Aislers Set

  • Aislers Set
  • Terrible Things Happen (Slumberland) 1998 
  • The Last Match (Slumberland) 2000 
  • How I Learned to Write Backwards (Slumberland/Suicide Squeeze) 2003 

Amy Linton can thank her mother’s record collection — dominated by ’60s girl groups — for the unique sound of Aislers Set. The backbone supporting the obvious Zombies, early Who and Byrds (plus Jesus and Mary Chain) influences is a bargain basement Phil Spector sound, with familiar Shangri-Las backbeats, a liberal dose of reverb, a lyrical and atmospheric air of melancholia and layered la-la-la background vocals that drift in and out like the tide lapping at the shore. The former Henry’s Dress guitarist and Go Sailor drummer outdoes both her former bands by squeezing the Crystals and the Marvelettes into the indie rock closet.

Linton produced most of Terrible Things Happen in her San Francisco garage, and the washed-out sound reveals the indelicate touch of an inexperienced recording hand. Instruments bleed into each other for an indistinct swirl, like someone left a finished painting in the sun too long. However, Linton’s signature sound — reverb-heavy pop enveloped by her languorous, detached singing — is almost fully formed, and the muddy mix cannot mask great songs like the peppy “Long Division” and “California.” Unfortunately, her limited but charming vocals are often buried, as she hazily croons about searching for meaningful relationships and instead finding alcohol and awkward situations (“Should have known this kid would get a bit lonely / The drinking’s good and most of what a friend should be”). As uncomfortable as Linton seems with her voice and herself, she had the Princely gumption to play all the instruments on most tracks. Drummer Yoshi Nakamoto (Scenic Vermont), bassist Alicia Vanden Huevel (#Poundsign#) and guitarist Wyatt Cusick (Track Star) back Linton on only four of the album’s 14 songs.

The Last Match is better realized and more self-assured, with keyboardist Jen Cohen (Fairways), Linton’s trumpet, Cusick, Vanden Huevel and Nakamoto adding to the fullness of the sound. “The Way to Market Station,” echoey folk rock wearing a Vandellas bouffant wig, is an excellent introduction to the Aislers’ sonic step forward, with cleaner production (though still mostly recorded in Linton’s garage) and a more prominent role for her voice. It’s followed by “Hit the Snow,” perhaps the finest Christmas song that doesn’t explicitly mention the holiday; the toy xylophone doubling the central guitar melody is an evocative wintry touch. Such typical Linton fare is offset nicely by two punky vestiges of her Henry’s Dress days (“Been Hiding” and “The Red Door”) and slow laments like Cusick’s “Chicago New York.” Linton continues her quietly yearning, fatalistic lyrical bent, where happiness is usually tainted (“I’ll love you more than I’ll ever hate you”) and quiet resignation holds sway over true satisfaction. Despite a better grasp of the mixing board, Linton’s production sometimes lacks the finesse needed to blend a trumpet with a trombone or avoid the messy slog of “Bang Bang Bang” and its nosy, inappropriate melodica bleats. Fortunately, clutter seldom obscures the winsome pop songs.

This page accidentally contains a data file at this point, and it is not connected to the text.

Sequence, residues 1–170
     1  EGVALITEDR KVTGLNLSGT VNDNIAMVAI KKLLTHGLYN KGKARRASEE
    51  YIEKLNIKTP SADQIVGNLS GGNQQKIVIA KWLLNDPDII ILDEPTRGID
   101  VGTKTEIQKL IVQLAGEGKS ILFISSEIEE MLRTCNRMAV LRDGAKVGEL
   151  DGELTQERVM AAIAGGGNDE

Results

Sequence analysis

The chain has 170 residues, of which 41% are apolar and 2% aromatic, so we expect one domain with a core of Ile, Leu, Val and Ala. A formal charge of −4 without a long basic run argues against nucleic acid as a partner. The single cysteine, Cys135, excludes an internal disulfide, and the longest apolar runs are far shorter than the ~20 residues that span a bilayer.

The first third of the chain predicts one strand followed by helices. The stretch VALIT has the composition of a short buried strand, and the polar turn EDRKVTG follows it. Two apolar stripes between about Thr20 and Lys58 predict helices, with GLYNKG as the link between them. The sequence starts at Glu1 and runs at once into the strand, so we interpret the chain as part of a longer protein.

There’s no sonic clumsiness on “Mission Bells,” a minor masterpiece on How I Learned to Write Backwards. An inverted “Paint It Black” riff morphs into a vaguely Spanish flavored guitar, which segues into echoey jangle that swells over four minutes into a miniature pop symphony, replete with hand claps, horn flourishes and panoramic keyboard chords. While Linton can’t yet fill a disc with should-be classics like that, the album’s remaining 10 songs are for the most part excellent: the buzzing guitar and “Jimmy Mack” hand claps of “Catherine Says,” the sad, spare lament of “Unfinished Paintings,” sly thievery of the Smiths (“Train #2”) and the Supremes (the words “your tender symphony” on “Was Esther Easier” nick the signature choral melody of “I Hear a Symphony”). Like the music, Linton’s lyrics exude a newfound subtle confidence. Although the songs are still largely draped in sadness, indignation displaces despair, enough for Linton to tell an indecisive lover in “Emotional Levy” that he has “two fingers in the air, two fingers up [his] ass.” Hell, a gal who can write songs this good deserves better.

[Jim Glauner]

See also: Track Star